so I have re-ordered them as seems appropriate based on stages of destruction and cloud movement;
if anyone has the sequence down better, please let me know and I'll correct it.]


The Branch (Five Towns)

Thanks to best-buddy Art Huneke (of aRRt's aRRchives) and his massive collection of LIRR photos and ephemera, I am able to show you a whole slew of 1939 photos of The Branch, where I grew up half of each summer from ca. 1937 through 1944 and full-time from 1945 through 1951.  The Branch, applying equally to the geographical Rockaway Peninsula ("The Pensinsula") and the Five Towns thereon (Inwood, Lawrence, Cedarhurst, Woodmere, and Hewlett), and to the LIRR from Far Rockaway to Valley Stream, is actually the entire area between Far Rockaway and Lynbrook.

Aside from the pure nostalgia of these photos for me, personally, they are also an invaluable record of the trackage and ancillaries of the time.  A note on the geographical terminology is in order, however.  The LIRR ran NE from Far Rock. to Hewlett, with only a moderate curve just before the Inwood station, a very shallow curve at the Lawrence station, and thence almost die-straight to Hewlett, before curving mightily just slightly W of N to meet the South Shore line at Valley Stream.  Art notes that "we must use geographic directions.  At first trains for Rockaway Beach were eastward.  Sometime after the trestle opened, eastward trains ran to Rockaway Park and Valley Stream via Far Rock.  They changed direction and train number at Valley until the trestle fire, then reverted to eastward to Far Rock. and Rock. Park".  I shall stick to purely-geographical terms herein; rather than belabor all this, here is an old map of the area:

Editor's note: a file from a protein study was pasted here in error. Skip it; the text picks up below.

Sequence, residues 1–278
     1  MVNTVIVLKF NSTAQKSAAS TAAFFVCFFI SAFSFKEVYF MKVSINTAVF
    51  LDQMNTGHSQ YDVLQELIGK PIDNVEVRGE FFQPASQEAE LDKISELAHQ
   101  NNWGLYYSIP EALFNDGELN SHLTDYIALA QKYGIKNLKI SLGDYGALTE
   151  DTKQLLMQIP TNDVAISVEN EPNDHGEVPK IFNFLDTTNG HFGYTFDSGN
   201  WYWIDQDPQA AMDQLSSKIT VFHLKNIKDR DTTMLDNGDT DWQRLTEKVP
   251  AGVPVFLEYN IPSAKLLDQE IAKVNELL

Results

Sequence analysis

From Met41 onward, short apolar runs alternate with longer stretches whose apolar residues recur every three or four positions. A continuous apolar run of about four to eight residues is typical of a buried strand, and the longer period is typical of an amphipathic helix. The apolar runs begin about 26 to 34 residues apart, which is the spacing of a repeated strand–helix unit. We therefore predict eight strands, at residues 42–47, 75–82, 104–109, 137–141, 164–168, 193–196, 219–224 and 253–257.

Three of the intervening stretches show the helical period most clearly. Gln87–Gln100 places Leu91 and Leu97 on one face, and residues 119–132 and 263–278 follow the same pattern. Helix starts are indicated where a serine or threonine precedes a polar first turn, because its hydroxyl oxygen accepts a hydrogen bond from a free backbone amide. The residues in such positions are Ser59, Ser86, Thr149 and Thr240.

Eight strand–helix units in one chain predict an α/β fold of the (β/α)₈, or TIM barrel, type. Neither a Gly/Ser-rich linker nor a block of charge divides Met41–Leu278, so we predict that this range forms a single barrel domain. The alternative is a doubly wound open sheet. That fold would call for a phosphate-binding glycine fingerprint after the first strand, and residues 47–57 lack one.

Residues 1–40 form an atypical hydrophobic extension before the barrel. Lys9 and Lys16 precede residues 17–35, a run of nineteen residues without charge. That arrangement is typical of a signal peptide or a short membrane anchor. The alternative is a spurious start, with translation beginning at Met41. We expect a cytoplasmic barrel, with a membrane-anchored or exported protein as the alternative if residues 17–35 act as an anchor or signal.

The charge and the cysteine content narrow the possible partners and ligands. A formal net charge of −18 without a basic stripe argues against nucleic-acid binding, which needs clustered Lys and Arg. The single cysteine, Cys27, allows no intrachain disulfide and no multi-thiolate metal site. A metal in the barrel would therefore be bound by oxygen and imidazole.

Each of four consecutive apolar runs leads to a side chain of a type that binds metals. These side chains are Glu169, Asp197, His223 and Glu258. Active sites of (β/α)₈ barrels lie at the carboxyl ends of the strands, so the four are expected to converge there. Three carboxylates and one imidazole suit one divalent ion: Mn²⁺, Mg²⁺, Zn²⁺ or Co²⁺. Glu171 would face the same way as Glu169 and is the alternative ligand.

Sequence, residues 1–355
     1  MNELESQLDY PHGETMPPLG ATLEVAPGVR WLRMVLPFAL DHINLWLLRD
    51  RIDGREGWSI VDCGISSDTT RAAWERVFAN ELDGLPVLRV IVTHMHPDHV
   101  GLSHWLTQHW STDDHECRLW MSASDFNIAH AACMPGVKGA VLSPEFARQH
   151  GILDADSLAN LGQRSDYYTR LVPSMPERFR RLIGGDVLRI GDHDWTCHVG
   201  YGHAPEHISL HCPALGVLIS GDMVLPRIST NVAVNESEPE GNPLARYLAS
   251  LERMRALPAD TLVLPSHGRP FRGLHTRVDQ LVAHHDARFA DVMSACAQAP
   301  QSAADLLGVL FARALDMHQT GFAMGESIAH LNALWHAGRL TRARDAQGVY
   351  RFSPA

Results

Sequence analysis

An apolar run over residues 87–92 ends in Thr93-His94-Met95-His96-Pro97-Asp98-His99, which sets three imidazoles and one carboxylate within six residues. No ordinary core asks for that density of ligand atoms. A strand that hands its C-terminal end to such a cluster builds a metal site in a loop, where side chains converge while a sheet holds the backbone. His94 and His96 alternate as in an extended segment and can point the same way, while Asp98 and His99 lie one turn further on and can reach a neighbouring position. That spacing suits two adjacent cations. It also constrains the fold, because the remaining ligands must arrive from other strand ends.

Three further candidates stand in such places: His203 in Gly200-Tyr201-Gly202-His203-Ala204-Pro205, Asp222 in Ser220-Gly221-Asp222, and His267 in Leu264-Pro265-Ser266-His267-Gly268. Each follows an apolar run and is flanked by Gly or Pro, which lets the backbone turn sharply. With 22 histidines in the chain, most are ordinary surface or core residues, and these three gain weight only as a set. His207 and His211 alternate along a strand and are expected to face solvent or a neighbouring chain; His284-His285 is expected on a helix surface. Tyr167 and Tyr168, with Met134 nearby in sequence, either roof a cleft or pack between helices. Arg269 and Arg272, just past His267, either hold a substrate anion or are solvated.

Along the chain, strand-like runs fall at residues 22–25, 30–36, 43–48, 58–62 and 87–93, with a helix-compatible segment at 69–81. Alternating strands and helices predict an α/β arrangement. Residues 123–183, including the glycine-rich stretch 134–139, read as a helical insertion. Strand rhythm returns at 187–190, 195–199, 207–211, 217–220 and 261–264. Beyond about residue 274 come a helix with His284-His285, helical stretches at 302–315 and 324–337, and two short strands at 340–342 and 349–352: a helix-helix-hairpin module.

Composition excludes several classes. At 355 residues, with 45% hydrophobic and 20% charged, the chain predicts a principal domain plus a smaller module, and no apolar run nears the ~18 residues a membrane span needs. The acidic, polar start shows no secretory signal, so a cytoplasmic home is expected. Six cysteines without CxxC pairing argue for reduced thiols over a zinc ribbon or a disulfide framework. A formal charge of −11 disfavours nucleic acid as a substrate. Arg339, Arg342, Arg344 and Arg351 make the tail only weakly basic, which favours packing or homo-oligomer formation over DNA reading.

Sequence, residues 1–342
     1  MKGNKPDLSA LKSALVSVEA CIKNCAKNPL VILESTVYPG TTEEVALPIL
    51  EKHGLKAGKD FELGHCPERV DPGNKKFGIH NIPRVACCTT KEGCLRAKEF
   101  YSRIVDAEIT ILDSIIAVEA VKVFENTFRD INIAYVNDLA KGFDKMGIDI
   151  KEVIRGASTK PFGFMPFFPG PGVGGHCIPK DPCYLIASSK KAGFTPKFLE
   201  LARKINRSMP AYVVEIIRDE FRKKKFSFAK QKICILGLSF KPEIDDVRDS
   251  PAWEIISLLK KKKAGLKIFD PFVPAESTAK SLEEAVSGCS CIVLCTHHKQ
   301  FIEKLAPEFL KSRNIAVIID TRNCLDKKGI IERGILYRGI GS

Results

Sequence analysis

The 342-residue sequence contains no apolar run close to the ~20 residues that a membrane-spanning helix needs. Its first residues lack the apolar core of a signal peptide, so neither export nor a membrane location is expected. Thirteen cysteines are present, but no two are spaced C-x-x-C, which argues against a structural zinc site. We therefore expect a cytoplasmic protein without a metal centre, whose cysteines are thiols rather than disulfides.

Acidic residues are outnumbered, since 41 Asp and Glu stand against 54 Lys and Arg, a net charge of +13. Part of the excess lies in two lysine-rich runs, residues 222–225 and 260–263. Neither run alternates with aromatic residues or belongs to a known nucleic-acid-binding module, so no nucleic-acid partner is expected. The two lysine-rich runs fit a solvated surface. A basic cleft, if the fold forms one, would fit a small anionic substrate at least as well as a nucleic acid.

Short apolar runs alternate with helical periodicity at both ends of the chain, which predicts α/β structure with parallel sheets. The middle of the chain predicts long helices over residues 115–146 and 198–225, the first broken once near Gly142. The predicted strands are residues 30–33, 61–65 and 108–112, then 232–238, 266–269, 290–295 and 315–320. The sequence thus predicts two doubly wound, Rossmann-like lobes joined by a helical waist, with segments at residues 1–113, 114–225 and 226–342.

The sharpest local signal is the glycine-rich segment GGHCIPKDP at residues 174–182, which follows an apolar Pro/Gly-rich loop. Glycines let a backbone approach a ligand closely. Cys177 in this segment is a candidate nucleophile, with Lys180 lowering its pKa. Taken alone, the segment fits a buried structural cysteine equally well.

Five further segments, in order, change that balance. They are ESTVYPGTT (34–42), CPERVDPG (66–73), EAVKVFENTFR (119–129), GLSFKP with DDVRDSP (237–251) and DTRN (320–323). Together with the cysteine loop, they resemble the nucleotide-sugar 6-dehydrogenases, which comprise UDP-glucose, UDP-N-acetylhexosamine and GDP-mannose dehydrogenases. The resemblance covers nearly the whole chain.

CedarhurstCa60
(Ca. 1960 map of Cedarhurst)

The map is postwar, ca. 1960, because the then-new Lawrence (shown as Elderd) H. S, at upper left, on the grounds of the former Cedarhurst Stadium, wasn't built until that year, when the old H.S. (mine) became the Middle School.  Note that the old trackage is still on the map, even though it was long-gone by 1960.   new.gif (03 Sep 2012)

I lived near, and played in, Cedarhurst Park, between Oak and Summit Avenues on the SW side of Cedarhurst Avenue, just NW of Cedarhurst Station.  What hit me even at an early age were the traces of two (what I now know were) abandoned RR lines, one of which (red line) was merely a dirt path which ran from the N side of the flagpole in the park (red dot) and curved northward onto Linwood Avenue while the other (blue line), which may even have had rails before WWII, paralleled the first from the Cedarhurst Avenue crossing and up between Linwood and Oakwood Avenue.  Here's a detail of that area:

CedarhurstDetail